Since dropping the song "Free the Jena 6" in 2007, his focus has been on spreading the word through hip-hop, and he's traveled the country doing shows, lectures and seminars, mostly at colleges. His 2010 debut album, "American History X," which won Album of the Year at the Pittsburgh Hip-Hop Awards, was loaded with topical tracks from his YouTube channel and online show "This Week with Jasiri X."

"Ascension" is his debut album for Wandering Worx, a Vancouver label that launched in 2010 and has a roster that includes Rel!g!on and Planet Asia. Rel!g!on expands Jasiri's horizons musically by producing tracks, with real instruments, not samples, that are as polished and heavy as the mainstream rappers.

"I think the production is really well done," Jasiri says, "so you can put certain songs that I have right next to songs from A$AP [Rocky] or songs from Wiz [Khalifa], because a lot of times people are drawn by the melody, drawn by the hook, and then you realize that I'm saying something a little bit deeper, a little bit stronger. I tried to make an album that musically could reach beyond my core audience, beyond the people who are interested in just politics."

Jasiri and Rel!g!on met online, and the relationship began with Jasiri appearing on the Canadian rapper's album "Revelationz." The "Ascension" project started with Rel!g!on sending him a beat for what became the song "Lost in a Virtual Reality." It was part of a group of songs Jasiri wrote in 2010 when he was struggling with his direction and social media identity.

"Now you're addicted," he raps, "a slave to the toxin/gotta keep typin' to keep your name poppin'/now your grave is a box in a screen on the site/where you're far more important than in your real life."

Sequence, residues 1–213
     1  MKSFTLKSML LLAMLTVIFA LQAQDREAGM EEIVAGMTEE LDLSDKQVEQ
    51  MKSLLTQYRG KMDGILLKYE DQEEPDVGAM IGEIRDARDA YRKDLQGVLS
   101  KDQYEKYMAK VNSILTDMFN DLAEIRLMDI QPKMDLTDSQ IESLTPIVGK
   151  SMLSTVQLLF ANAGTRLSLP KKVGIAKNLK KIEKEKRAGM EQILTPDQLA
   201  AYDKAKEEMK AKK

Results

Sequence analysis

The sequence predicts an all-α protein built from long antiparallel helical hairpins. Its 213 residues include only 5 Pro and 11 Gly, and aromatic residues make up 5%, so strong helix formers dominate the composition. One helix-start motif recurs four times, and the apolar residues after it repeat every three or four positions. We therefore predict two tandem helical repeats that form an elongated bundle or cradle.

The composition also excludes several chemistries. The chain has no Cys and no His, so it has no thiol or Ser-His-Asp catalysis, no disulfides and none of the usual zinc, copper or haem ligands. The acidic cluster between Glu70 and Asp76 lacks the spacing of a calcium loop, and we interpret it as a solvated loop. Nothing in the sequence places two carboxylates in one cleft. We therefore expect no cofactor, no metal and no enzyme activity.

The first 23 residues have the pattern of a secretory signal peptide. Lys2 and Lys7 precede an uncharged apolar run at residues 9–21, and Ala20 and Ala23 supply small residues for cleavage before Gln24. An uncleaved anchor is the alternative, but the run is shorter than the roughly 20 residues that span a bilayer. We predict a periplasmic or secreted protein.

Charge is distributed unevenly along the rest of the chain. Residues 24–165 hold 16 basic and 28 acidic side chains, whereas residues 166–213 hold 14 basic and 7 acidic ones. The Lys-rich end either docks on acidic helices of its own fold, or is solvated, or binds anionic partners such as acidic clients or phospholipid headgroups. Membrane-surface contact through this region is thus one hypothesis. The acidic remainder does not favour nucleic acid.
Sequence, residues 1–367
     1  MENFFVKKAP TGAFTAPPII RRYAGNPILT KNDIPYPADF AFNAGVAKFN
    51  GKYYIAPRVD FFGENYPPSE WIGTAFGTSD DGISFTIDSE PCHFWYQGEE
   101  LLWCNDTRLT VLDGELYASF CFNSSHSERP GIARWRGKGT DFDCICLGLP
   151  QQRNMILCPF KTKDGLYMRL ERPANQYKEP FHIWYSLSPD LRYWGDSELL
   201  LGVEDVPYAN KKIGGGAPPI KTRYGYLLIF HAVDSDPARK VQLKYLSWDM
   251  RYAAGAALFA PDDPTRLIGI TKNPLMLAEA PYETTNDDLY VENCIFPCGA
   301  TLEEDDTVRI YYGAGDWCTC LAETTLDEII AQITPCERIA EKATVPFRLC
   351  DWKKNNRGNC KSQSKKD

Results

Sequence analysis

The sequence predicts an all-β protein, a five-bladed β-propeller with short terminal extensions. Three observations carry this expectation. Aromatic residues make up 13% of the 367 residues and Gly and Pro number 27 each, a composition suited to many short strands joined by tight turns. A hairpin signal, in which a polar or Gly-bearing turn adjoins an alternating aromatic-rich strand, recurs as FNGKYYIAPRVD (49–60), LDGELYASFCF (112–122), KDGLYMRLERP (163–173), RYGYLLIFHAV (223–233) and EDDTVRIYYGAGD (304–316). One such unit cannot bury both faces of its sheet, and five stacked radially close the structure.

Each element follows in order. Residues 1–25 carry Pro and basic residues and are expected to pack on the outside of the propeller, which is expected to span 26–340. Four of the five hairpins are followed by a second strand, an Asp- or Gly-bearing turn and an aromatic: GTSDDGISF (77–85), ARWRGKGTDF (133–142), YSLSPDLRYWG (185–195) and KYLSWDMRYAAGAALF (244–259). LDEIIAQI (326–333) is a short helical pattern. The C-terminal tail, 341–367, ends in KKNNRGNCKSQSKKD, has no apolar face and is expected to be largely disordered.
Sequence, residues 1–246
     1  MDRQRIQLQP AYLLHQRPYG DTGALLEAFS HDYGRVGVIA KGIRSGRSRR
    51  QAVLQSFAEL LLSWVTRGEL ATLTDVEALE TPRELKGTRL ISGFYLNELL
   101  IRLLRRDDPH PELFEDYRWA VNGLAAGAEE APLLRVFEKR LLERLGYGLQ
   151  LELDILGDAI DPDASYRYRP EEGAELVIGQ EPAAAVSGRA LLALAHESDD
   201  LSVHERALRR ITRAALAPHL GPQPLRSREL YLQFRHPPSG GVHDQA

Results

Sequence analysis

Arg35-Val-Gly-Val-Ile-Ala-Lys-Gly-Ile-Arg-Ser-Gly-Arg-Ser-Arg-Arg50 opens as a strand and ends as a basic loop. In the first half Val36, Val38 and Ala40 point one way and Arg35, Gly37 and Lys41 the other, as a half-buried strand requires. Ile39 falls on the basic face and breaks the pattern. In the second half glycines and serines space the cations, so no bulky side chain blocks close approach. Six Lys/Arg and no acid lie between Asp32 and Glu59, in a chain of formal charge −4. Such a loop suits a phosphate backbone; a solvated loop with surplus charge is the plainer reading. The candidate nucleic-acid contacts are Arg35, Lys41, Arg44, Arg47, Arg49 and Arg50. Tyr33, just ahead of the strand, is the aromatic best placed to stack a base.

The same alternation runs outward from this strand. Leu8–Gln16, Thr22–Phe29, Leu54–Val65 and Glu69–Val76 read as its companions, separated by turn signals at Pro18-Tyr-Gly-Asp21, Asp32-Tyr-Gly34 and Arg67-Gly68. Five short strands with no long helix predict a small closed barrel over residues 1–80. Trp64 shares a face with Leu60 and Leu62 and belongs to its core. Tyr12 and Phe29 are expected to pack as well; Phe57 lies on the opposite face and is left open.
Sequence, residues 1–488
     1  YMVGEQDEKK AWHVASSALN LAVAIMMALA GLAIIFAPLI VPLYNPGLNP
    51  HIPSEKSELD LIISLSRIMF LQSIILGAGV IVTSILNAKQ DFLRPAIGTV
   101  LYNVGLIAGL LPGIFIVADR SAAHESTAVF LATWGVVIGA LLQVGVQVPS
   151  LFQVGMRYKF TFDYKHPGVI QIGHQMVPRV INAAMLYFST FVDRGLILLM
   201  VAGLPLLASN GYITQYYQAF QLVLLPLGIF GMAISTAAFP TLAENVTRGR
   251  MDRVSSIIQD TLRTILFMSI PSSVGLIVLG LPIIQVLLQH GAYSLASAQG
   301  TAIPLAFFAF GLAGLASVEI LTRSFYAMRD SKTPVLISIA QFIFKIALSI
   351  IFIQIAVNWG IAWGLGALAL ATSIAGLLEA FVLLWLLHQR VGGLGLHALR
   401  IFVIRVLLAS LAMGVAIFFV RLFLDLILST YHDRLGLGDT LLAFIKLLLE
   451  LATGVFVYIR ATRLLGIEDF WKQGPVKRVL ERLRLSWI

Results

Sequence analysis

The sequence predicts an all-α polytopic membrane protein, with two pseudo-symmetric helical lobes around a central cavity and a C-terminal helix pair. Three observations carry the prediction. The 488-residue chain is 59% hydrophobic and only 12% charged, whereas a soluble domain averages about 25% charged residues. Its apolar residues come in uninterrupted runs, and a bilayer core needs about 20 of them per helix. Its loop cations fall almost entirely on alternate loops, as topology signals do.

"When I first began to do 'This Week With Jasiri X,' " he says, "I kind of had this, I guess you would say, virtual fame. People began to know me, but it was online. I started to take this online interaction really seriously," he says laughing. "I was like, 'Whoa, this is cool, wow.' But then I'm walking the streets of Pittsburgh and nobody knows me, but people online were throwing me so much love. I got to the point where I had to go offline in early 2010 for three months. I had to put it in perspective and say, 'Dude, calm down. You have a real life.' "

In a similar vein, "TV Land" is a song about the influence of reality TV creeping into people's own reality. "Ascension" is a dreamy, atmospheric track about finding the light spiritually. "Pillars," with an old school Public Enemy vibe and the verbal riff from "Rapper's Delight," challenges gangster culture with, "To the drug dealers and killers/we the foundation, we the pillars."

"By Any Means," featuring Rhymefest and a Malcolm X sample, is a hard-hitting call for political/economic justice: "So many sons dead/I wanna take every drop of bloodshed/and paint the White House blood red/'cause every time we go to court, we face Judge Dredd/while these billionaire bankers get sent to Club Med."

And then there's "The Wheel," a rare entry in the category of rap songs about UFOs. This one deals with the Phoenix Lights and Lake Erie UFO sightings in 1997 and 2010, respectively, and it allowed Wandering Worx, also a movie production company, to create a cool sci-fi movie video starring Jasiri.

"So, Rel!g!on sends me the beat and he's like, 'I want some real conspiracy-type stuff.' At that time the story about Lake Erie UFO sightings was a big story. If I was on a major label, they probably would have been like, 'Nah, this is crazy.' Then, they were like we have to go to the Mojave Desert in California. They came up this whole idea of hunting UFOs."

These are songs that don't have the same expiration date on the label, like a Tea Party song, and they also show a different side of his poetic command.

"I talk about this on the song '42 Bar Thesis,' because people hear me rap politically, but there's a part where you want to show 'I'm skilled on this mic,' " he says. "People always want to label you and put you in a certain box. When you create a song for that time or that moment and that moment goes ... I mean, certain songs, I don't do anymore. Songs like 'What if the Tea Party was Black' and 'Republican Woman' [about Sarah Palin], they're not even relevant anymore. They're good songs, but that moment is gone. I wanted to create timeless music, because when you listen to A Tribe Called Quest today, it's like 'This is great music.' "